Oldbury Case Study – Pre 1980s Asbestos Removal

Oldbury Asbestos Removal

Safeline's Oldbury Asbestos Removal project was born out of an enquiry we received from a homeowner... They had bought a home in Oldbury which was built pre 1980. Lots of us live or have lived in Pre 1980's homes and it makes great sense to get your new home checked in you have bought an older house.

The Oldbury Asbestos Removal project initially was just a survey of the property before the home owner started to remodel the home. They had come to safeline Environmental on the recommendation of a friend that had used us as a contractor, and we pride ourselves on putting all Asbestos removal works on the same priority for the small projects as the huge removal operations.


The Oldbury Asbestos Removal home owner had done their homework first, they had used a handy guide which can be found on the internet. These are really good for highlighting the potential dangers that could be lurking in or around your home (asbestos garages and ACM's were very popular building projects). A great one is is the asbestos network, this is an american based site, but the products containing asbestos still damage health and are not really bothered by borders. In the case of the Asbestos network site we would always recommend that you use this information as research start point and check the legislation in your country or state of residence.

Below is an excerpt of the Asbestos Network;

What If I Find Asbestos in My House?

The method used for dealing with asbestos in the home depends upon where the asbestos is found, the condition of the material, and whether it is friable or non-friable. Friable asbestos can be easily crumbled or reduced to a powder and can become airborne. Non-friable asbestos is more tightly bound with another material and its fibers cannot easily be made airborne unless they are sanded, cut, or sawed.

If asbestos-containing material is currently in good condition and contained such that fibers cannot be released, then it may not be dangerous at this time. However, the situation should be monitored for signs of asbestos deterioration and damage.

In some cases, asbestos-containing materials may be repaired or isolated rather than removed. For example, small tears in pipe insulation may be repaired. Asbestos material that is in good condition may be isolated from potential damage by using a sturdy, airtight barrier. This can be a temporary solution to some asbestos problems. Encapsulants have been used over sprayed-on asbestos-containing material on walls and ceilings. Encapsulants are materials applied in liquid form to provide a seal against the release of asbestos fibers. They can work well for asbestos-containing material that has not been damaged, but do more harm than good if the material is deteriorating.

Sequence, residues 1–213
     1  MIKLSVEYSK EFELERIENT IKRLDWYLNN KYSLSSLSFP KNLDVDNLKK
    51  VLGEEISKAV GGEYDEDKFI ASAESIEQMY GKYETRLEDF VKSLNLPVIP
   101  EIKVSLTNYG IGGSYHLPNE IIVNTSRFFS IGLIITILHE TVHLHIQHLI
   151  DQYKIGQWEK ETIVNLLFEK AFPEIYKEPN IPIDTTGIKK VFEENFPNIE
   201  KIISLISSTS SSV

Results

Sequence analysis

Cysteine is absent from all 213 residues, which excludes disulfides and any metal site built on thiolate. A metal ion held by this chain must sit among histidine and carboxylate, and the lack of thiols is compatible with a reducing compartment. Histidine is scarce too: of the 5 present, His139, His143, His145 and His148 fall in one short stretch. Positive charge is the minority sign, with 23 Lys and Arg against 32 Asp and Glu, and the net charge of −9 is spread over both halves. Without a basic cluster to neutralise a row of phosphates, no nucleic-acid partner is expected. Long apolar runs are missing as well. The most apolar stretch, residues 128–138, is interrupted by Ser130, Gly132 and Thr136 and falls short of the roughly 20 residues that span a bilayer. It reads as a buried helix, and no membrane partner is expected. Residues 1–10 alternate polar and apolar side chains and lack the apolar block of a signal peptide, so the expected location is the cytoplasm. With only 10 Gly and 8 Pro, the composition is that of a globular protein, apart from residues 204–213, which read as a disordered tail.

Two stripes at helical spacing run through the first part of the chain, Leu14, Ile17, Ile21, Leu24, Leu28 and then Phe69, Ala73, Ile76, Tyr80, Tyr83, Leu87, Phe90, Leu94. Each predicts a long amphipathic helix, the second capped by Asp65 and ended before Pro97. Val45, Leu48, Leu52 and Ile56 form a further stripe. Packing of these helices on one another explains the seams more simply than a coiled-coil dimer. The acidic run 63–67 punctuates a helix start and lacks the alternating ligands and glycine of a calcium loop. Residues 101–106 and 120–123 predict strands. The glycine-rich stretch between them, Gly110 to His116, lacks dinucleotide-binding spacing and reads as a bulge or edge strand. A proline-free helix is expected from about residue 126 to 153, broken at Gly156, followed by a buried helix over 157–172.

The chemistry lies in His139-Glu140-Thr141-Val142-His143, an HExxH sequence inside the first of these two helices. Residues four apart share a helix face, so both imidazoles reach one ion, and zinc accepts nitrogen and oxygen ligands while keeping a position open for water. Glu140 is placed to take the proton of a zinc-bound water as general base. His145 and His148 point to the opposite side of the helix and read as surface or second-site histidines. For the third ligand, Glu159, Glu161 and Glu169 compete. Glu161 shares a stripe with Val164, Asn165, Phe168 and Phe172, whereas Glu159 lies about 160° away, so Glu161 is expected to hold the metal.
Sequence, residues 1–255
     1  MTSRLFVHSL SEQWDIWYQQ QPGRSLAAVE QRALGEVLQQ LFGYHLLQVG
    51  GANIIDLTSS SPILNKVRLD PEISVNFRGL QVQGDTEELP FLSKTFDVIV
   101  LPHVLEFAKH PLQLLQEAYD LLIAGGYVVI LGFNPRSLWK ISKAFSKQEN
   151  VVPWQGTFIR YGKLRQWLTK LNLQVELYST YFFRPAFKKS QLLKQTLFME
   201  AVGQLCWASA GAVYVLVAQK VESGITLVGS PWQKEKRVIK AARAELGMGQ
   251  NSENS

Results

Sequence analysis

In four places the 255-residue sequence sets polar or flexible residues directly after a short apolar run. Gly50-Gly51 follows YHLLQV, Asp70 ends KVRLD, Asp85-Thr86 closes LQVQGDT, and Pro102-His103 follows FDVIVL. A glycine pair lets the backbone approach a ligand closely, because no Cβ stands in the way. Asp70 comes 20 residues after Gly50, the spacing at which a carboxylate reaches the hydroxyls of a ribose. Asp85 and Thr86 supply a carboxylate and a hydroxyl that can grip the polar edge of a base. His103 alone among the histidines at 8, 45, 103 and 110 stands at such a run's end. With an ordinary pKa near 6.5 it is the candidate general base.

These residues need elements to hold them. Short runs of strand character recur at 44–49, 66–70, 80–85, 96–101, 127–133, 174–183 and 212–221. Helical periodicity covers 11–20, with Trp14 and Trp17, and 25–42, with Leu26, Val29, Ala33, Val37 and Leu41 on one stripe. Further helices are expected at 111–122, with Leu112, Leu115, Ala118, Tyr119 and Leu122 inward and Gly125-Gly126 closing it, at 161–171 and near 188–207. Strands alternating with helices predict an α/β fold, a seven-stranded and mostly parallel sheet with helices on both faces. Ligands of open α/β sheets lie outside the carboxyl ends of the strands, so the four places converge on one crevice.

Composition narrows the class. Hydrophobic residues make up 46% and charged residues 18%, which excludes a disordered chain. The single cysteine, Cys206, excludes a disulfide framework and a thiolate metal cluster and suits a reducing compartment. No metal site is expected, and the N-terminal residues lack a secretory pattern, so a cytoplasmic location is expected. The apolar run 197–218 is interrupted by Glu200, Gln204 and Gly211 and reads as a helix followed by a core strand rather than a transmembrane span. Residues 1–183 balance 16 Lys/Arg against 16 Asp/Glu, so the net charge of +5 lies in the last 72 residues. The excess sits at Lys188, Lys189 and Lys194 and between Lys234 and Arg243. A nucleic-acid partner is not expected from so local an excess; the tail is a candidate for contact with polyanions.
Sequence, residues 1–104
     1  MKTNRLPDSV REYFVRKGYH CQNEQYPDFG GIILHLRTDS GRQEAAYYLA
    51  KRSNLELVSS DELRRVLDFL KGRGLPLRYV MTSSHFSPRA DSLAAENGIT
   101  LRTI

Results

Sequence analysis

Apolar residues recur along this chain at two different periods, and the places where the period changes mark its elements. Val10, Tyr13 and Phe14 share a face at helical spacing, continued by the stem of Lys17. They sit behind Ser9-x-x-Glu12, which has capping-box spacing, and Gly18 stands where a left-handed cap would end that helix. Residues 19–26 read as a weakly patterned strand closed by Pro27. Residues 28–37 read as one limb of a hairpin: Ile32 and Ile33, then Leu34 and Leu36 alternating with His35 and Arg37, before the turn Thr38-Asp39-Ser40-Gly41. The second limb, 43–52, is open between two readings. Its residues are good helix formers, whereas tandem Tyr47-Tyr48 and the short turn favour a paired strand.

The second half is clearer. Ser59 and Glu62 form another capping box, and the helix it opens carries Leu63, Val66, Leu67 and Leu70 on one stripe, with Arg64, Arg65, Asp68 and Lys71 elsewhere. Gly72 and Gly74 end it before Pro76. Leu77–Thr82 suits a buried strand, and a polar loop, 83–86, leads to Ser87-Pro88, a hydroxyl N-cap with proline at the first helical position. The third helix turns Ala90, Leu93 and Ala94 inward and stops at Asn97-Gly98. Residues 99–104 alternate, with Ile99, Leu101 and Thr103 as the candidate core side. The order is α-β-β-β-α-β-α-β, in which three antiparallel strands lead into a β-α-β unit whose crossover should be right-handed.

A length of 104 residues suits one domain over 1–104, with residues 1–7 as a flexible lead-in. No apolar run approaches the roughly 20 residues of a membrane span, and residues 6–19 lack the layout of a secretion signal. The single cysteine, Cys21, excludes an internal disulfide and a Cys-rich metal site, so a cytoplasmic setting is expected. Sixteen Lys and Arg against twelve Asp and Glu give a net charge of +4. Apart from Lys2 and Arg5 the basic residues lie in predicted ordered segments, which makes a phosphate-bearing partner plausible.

Asbestos removal is the only permanent solution to the problem of asbestos in the home. However, removal poses a high risk of fiber release if not done properly. Air samples should be taken after the work is completed to ensure the safety of the homeowner. During the removal process, the contractor should use a HEPA vacuum, approved respirators, and disposable clothing.

Whether asbestos is repaired or removed from your home, it is important that you choose a competent professional who is certified to do asbestos abatement work. Many home repair or remodeling contractors do not have this special certification. Make sure that the person you choose has completed a federal or state-approved asbestos safety course. Contact your regional EPA office, your local health department, and the Better Business Bureau, for a list of professionals in your area. Also, the EPA recommends that the asbestos professional who performs the abatement work be independent from the contractor who initially inspects your home for asbestos contamination. This helps ensure that only the necessary work is done"

Once you have done your research, contact Safeline on 01299 251083 or use our website!

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